HC Deb 26 July 1883 vol 282 cc545-7

asked the Secretary to the Admiralty, Whe- ther every Assistant Paymaster in the Royal Navy has qualified to serve as Paymaster; whether the rank of Assistant Paymaster is considered as a temporary or probationary one, pending promotion to the higher rank; whether it is a fact that between thirty-five and forty Assistant Paymasters are at present actually performing the duties of Paymaster in small ships; and, whether he will state on what principle a line is drawn at the first six years of such service, that period of junior service only being allowed to count until eleven years have been served in the rank of Paymaster?


Sir, every clerk, on passing the examination for paymaster, becomes an assistant paymaster, and there is no further examination or qualification required for promotion to the higher rank of paymaster. The rank of assistant paymaster has no more of a temporary or probationary character than any ether rank in the Service from which an officer can be promoted to a higher rank; it is simply a lower grade of the accountant branch of the Service. It is not customary to bear paymasters in small ships; assistant paymasters have quite sufficient experience to enable them to discharge the comparatively light duties involved; and, while performing them, they receive extra pay and are appointed "in charge." The Estimates for this year provide for 40 such appointments. The rule to which the hon. Member refers, as to collating six years of junior service, is part of a scale laid down in 1870 for the counting of junior time, which scale is applicable to navigating and engineer officers, as well as to paymasters. I have no means of knowing the reasons which led to the adoption of the particular periods laid down; but I imagine that the intention was, on the one hand, to prevent officers with the prospectively longer period of junior service, contemplated in 1870, from rising too rapidly to the higher rates of pay; and, on the other hand, to allow officers with long service in the junior rank to obtain some eventual advantage from it in the higher rank. It is not intended to make any alteration in the conditions of service.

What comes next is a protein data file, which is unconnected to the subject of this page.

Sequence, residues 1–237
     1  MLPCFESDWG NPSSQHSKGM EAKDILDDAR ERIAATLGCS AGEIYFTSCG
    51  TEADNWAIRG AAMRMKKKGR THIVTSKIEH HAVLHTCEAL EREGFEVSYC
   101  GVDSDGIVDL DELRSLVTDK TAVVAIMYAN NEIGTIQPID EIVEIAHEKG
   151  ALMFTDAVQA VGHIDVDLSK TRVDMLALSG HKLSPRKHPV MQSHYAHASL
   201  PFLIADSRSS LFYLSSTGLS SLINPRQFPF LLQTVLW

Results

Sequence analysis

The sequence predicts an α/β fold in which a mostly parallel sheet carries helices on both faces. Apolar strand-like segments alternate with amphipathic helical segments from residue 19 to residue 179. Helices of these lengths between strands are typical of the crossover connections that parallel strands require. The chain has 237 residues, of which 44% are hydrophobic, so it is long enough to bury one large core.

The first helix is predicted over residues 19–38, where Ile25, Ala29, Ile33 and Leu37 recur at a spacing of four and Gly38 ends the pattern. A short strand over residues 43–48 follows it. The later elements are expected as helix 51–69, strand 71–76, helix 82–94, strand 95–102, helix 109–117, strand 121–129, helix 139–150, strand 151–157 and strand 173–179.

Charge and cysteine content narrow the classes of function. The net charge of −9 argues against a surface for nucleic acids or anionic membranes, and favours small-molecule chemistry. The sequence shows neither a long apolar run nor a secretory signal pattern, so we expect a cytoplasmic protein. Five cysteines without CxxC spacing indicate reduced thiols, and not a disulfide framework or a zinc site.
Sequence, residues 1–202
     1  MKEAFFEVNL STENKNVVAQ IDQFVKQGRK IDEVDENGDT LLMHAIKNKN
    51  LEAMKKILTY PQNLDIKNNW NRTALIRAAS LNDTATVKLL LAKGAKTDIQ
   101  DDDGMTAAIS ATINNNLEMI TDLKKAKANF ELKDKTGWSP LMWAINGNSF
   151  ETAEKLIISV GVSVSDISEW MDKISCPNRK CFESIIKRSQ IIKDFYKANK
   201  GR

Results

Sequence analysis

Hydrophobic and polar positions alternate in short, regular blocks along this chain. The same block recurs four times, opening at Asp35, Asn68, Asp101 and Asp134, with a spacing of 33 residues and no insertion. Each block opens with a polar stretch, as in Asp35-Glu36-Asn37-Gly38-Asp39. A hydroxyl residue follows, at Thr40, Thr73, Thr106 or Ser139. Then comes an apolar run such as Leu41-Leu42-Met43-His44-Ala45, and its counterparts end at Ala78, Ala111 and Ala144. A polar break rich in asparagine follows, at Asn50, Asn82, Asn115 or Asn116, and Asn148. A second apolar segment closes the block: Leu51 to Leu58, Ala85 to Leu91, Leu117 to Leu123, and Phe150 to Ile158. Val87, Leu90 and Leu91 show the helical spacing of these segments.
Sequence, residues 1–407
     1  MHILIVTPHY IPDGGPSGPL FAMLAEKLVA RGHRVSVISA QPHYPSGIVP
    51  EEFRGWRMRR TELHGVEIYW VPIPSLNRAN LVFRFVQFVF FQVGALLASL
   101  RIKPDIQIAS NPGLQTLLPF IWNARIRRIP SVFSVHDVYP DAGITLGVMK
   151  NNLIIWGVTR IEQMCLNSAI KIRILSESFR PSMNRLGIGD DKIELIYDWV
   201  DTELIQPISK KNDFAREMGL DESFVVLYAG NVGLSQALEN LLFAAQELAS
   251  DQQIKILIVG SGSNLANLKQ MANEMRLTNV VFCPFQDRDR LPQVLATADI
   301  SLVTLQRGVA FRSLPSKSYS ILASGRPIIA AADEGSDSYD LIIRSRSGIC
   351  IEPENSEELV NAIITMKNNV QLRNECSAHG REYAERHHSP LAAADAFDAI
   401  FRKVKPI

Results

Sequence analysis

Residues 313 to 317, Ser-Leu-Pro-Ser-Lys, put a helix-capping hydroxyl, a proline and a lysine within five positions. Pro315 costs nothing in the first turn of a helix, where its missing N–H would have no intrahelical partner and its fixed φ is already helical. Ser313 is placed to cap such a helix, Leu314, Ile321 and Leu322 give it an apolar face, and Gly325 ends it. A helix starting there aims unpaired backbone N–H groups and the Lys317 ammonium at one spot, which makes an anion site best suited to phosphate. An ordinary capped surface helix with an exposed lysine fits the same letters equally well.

asked the hon. Gentleman, if he would inquire whether the system worked unjustly, and, if so, whether the Government would take steps to remedy it?


, in reply, said, he must remind the hon. Gentleman that he had already answered the Question, by stating that the Government intended to make no alteration.